For the Newark native, Brian McBride, his dad had one simple
rule: his sons needed to learn about responsibility and that
came with working, beginning with a summer job at age 14.
Smart man, because it kept him out of trouble. Young Brian
landed in a restaurant washing dishes, the life stuck, and he rose
right to the top of the Washington culinary scene.
His first step toward making the after-school gig a professional
reality was heading off to Providence for an intensive
12-month program at Johnson & Wales. It opened up a whole
world of cuisine for McBride, who realized that this was a job he
could do for 100 years - and still be learning. Sure enough,
a third of a century later, he still is.
Right out of school, McBride landed a job
in Cambridge at the Empress Room at the Hyatt, then at
the cutting edge of the hot trend that became known as Asian
Fusion. After a while, his career with Hyatt brought him
to London, where for six months he was immersed in the world
of traditional French cuisine at CarltonTowers. A brief
break from Hyatt found him working
in Cuernavaca, Mexico at Las Mañanitas, a Relais
& Châteaux property, creating authentic Mexican cuisine; for
three years afterward, McBride remained on board as a consulting
Returning to the Hyatt, he opened The Park Hyatt Washington, DC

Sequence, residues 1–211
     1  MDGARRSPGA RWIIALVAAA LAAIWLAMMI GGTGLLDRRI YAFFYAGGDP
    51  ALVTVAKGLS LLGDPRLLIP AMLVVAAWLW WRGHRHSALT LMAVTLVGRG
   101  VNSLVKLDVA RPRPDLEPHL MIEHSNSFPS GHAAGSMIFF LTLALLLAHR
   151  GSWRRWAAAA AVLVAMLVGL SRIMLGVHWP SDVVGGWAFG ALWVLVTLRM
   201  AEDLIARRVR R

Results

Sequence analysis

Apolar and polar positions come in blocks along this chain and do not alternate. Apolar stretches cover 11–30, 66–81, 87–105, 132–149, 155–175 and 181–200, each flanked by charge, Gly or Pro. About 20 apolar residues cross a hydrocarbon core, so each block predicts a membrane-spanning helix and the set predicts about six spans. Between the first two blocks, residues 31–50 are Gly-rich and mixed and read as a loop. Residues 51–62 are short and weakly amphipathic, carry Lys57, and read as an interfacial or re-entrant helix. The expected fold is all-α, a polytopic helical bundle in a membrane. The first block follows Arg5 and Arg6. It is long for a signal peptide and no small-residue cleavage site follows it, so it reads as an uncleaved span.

in 1986 - and stayed on for 26 years, the last 20 of which he
served as executive chef, overseeing food service throughout the
hotel. Melrose, the hotel's signature fine dining restaurant,
became a Washingtoninstitution, renowned for its nouvelle
cuisine and the Asian fusion menu that McBride developed from
his experience at the Empress Room. After nineteen years, he
created the celebrated Blue Duck Tavern that
took Washington by storm. Its down-to-earth
dedication to farm-freshness and time-honored techniques in an
atmosphere of elegant simplicity earned McBride top accolades and a
reservation list a mile long.
For over the course of all those years, he formed a close bond
with fellow chef Robert Wiedmaier, whose career paralleled his own
in the Washington hotel world before Wiedmaier opened Marcel's, the
#1 restaurant in town, according to Zagat. The friendly
rivalry between Marcel's and Blue Duck Tavern for top spot melted
away in 2011, when the two friends decided to become partners.
For McBride, being released from the demanding administration
of multiple hotel outlets means a long-awaited opportunity to
concentrate on cuisine. For Wiedmaier, it means a partner
with exceedingly high organizational skills, who shares his
commitment to traditional culinary values.
McBride joins Wiedmaier as Partner-Chef, with an immediate focus
on re-establishing the strong brasserie presence of Brasserie
Beck. Revising the menu with all the dedication to integrity
of ingredients and technique for which he was known at Blue Duck
Tavern, he is all about getting back to 'real food.' "It
means taking farm fresh local product, and treating it in a rustic,
rural, often time-consuming style of cooking. That's what
traditional Flemish cooking is all about - same approach, different
geography." Revealing a key addition to the menu, he
explains, "take a cassoulet: it takes an entire day to make it
right, and another day or two to reach optimum flavor."
Old-style French cuisine, he points out, is not so far from
old-style American cooking: how different are a
classic Pot-de-Feu and a Yankee pot roast, after
all? He is also bringing back the old fashioned plats du
jour system to build a loyal following for daily specials,
like a Monday Côte de Boeuf for two with au
gratin potatoes and squash purée with maple syrup.